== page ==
The level of development of language determines the relation between the linguistic and the neuronal systems. At the zero level. Language transmits only elementary control information: at the first level it acquires the ability to fix and transmit certain models of reality, but only those models which already exist at the neuronal level. First-level language may be represented as a copy or photograph of neuronal models (taking into account the inverse of language as corrective). Finally, at the level of constructs language becomes able to fix models of reality which could not (bearing in mind the given biological species of the human being) occur at the neuronal level. Such models are called theories.

We have cited numbers and operations with them as the simplest and most graphic example of models that do not exist at the neuronal level and are created at the language level. Arithmetic was one of the first theories created by the human race. It is easy to see that numbers, or more precisely large numbers, are constructs. Neuronal concepts correspond to the numbers two and three; we distinguish two objects from three and from one at the first glance. But the number 137 is a construct; it has meaning only to the extent that the number 136 has meaning, which in its turn relies on the number 135 and so on. Here there is a metasystem transition, the emergence of the process of counting which generates concrete numbers. Within the framework of the metasystem of counting, a hierarchy by complexity arises: the natural series of numbers. The appearance of the concept of ''number'' marks a new metasystem transition which assumes that counting has become an established part of everyday life. An abstract concept of ''number'' is not required for counting: it only becomes necessary when people begin to think about counting. The concept of the number is a construct of a higher level than concrete numbers. The concepts of arithmetic operations are located at the same level.

On the second level of language we have consolidated all the concepts which do not rely directly on neuronal concepts but rather require auxiliary linguistic constructions. With such a definition the second level is the last one formally, but it contains a control hierarchy that forms through metasystem transitions and may in principle be as high as one likes. We have seen this in the example of concrete numbers and the concept of ''number.'' Metasystem transitions can differ in scale and occur in relation to different subsystems of language. Therefore, second-level language has a complex structure which can be figuratively pictured not in the form of even layers lying one upon the other but in the form of a building or complex of buildings with vertical and horizontal structure. Different control hierarchies and hierarchies of complexity generated by the subsystems become interwoven and form a multifaceted architectural complex. Second-level language is the language of philosophy and science. First-level language is ordinarily called ''everyday'' or "conversational'' language.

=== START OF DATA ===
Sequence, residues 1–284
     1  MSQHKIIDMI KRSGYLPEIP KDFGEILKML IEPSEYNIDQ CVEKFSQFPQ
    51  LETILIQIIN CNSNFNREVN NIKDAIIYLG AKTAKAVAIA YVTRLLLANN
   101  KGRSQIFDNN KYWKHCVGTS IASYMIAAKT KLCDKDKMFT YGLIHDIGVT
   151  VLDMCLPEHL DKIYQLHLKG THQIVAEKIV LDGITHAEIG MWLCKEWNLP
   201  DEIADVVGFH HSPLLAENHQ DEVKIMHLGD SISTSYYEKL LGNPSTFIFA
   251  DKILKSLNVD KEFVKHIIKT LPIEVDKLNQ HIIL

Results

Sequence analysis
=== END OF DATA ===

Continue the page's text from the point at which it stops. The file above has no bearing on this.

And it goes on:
IT IS SOMETIMES SAID that the human being can think in abstract concepts, whereas abstract concepts are inaccessible to the animal, who can attain only a few concrete concepts. If the term ''abstract'' is understood (as is the case here) to mean devoid of nonessential characteristics, this assertion will not withstand even the slightest criticism. We have seen that the crucial distinguishing feature in human thinking is the presence of control of associations, which manifests itself above all as a capability for imagination. As for a difference in the concepts, in any case it cannot be reduced to an opposition between abstract and concrete. Every concept is abstract. The concept of cat is abstract for the dog because, for example, it contains an abstraction from the coloring of the cat (a nonessential characteristic). If we measure mental capabilities by the degree of abstraction of concepts the frog will prove to be one of the most intelligent animals, for it thinks with just two concepts, albeit extremely abstract ones: "something small and rapidly moving" and ''something large, dark, and not moving very rapidly.'' As you see, our language does not even have special terms for these concepts.

The truly profound difference between the conceptual apparatus of higher animals and that of human beings is that animals cannot attain concept-constructs; these concepts assume a capability for linguistic activity. It is not abstract concepts which distinguish human thinking; it is concept-constructs. In partial justification of the statement above, we should note that the expression "abstract concept" is commonly used to refer to precisely what we call the concept construct, and people talk about the degree of abstraction where they should actually speak of the ''construct quality" [''konstruktnost''--the degree to which constructs are used--trans.]. It is true that the concept of number is formed by abstraction starting from concrete numbers and that the concept of the spatial relation begins from concrete relations; but the distinctive feature here is not actual process of abstraction (which, as we have seen, appeared in the very early stages of the cybernetic period of life), rather it is the fact that in the process of abstraction linguistic objects play the most essential part. The principal thing here is construction not abstraction. Abstraction without construction simply leads to loss of meaning, to concepts such as ''something'' and "some."

[1] Quoted from Novoe v lingvistike (New Developments in Linguistics). No 1. Moscow, 1960. [Original Whorf article in Language, Culture, and Personality, Menasha. Wisconsin, 19 41, pp 75-93.

[2] I have taken the quotes by Whorf from the above-mentioned Soviet publication.

[3] [Original article, ''Science and Linguistics,'' in The Technology Review 42 no 6 (April 1940), Massachusetts Institute of Technology.]

[4] "Science and Linguistics."

[5] [Original article, ''The Relation of Habitual Thought and Behavior to Language," published in Language, Culture and Personality (Menasha, Wisconsin: Sapir Memorial Publication Fund 1941), pp. 75-93.]